I changed embouchure, drastic improvement

Discussion in 'Trumpet Discussion' started by frankmike, Dec 3, 2009.

  1. EdMann

    EdMann Mezzo Forte User

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    Sep 20, 2007
    Los Angeles
    Well, you switch to get your sound right. I'm a long time player who took a ton of time off and came back to a high wire act of an embouchure, a lower lip tuck that was suggested by a former teacher of some repute, and back in the day, after suffering through months of adjustment to get my sound, I never knew why he did that since I wasn't a music major and didn't practice enough to make any embouchure placement work. Plus, I was overblowing anyway!

    After coming back, I slowly went back to a virtual einsetzen position, immediately got a sound I wanted and spent a couple years getting the kinks out and concentrating on fundamentals, particularly air. Pretty happy with it. As for going back and forth with different instruments-- I do play trombone and dabble in French horn-- yes, it takes as much time on those slightly different settings and mpcs but I'm putting in that kind of time now.

    ed
     
  2. patkins

    patkins Forte User

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    Nov 22, 2010
    Tuscaloosa, AL.
    Absolutely anatomically and kineophysiologically correct, rowuk.
    It takes me months if I change a mouthpiece, so much more time to correct a position change.
    Overconfidence can kill you.
    If you have had some improvement then it is a positive step, but give it time to cure.
     
  3. Mark_Kindy

    Mark_Kindy Mezzo Forte User

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    Jul 11, 2010
    Gainesville, FL
    Embouchure changes sure can be confidence killers. I had a whole issue back in high school where I played so far in the red of my upper lip for high notes that my aperture would swell from pressure, or would slide out onto the rim. I still wonder to this day how I managed to play at all... but I managed to fix it. Definitely was a humbling experience, because it took so long to readjust. Thankfully, it was for the best.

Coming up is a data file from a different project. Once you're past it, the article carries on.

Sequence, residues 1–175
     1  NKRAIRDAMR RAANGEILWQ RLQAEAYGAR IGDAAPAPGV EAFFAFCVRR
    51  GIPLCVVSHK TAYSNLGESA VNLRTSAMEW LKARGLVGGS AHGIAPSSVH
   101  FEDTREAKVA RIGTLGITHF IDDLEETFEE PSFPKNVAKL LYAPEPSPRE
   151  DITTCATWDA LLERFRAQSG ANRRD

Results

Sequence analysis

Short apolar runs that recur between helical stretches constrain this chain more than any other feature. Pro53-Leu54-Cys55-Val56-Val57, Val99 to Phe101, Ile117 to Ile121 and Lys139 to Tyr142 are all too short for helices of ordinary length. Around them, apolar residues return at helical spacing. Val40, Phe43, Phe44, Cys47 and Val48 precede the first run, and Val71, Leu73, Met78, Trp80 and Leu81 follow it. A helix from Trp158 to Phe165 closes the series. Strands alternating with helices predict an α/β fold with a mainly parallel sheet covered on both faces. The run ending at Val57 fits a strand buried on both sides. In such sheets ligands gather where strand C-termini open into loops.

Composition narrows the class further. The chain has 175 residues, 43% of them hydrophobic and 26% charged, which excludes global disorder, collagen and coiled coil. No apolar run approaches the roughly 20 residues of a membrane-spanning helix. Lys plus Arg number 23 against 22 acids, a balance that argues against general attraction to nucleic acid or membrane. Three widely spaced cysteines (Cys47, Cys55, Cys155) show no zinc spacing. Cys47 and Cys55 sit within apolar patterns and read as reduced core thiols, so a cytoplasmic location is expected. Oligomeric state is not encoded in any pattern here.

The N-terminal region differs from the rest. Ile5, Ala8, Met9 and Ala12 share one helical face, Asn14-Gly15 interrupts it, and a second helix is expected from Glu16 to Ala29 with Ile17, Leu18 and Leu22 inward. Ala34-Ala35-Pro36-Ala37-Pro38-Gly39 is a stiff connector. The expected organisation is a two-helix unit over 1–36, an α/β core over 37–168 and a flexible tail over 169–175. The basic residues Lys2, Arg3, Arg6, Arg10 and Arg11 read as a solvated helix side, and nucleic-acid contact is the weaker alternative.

4. wilktone

    wilktone New Friend

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    Jul 18, 2011
    Asheville, NC
    While a few players may appear to be exactly 50/50 with their mouthpiece placement, this placement doesn't usually work very well for most. One lip generally will predominate inside the mouthpiece and when both lips are fighting each other for predominance, problems can result:

    A Tubist's Embouchure - A Case Study - YouTube

    Most players do better with a placement that has more upper lip inside. A smaller number will do better with more lower lip inside. I'm not surprised that moving your placement up so that you have more upper lip works better. Learn to work with that new embouchure and play your whole range there.

    I would agree that often this approach works very well and is sometimes best for a particular student at a particular stage of development. For example, when the embouchure strength and control hasn't already developed you won't be able to know how to make your embouchure work within your anatomical features in the first place. Left to their own devices, most students seem to gravitate to their own best placement because that's what works (as long as they are given permission). Practice on good overall embouchure form will help, assuming the student understands what this means.

    On the other hand, there are many times when simply trying to place the mouthpiece in a different spot is faster and more optimal than months of trial and error. If you know what to look for, there are basic embouchure patterns that can be used as a "road map" to help players find their mouthpiece placement (see the YouTube video I linked above for one example). In some cases making even slight changes can make for remarkable improvements, but those changes will be different for every player. This is one reason why a lot of teachers tend to discourage this sort of experimentation, since what works for one student can make another student worse.

    I personally don't subscribe to the "let the body figure itself out" approach, although I frequently guide my students by taking their attention away from their embouchure in order to fix other things that need correcting first. At some point or another it usually becomes necessary to work on some elements of embouchure form, but when you can break those things down into smaller chunks it's not all that complicated. Certainly no harder than learning music theory.


    Dave
     

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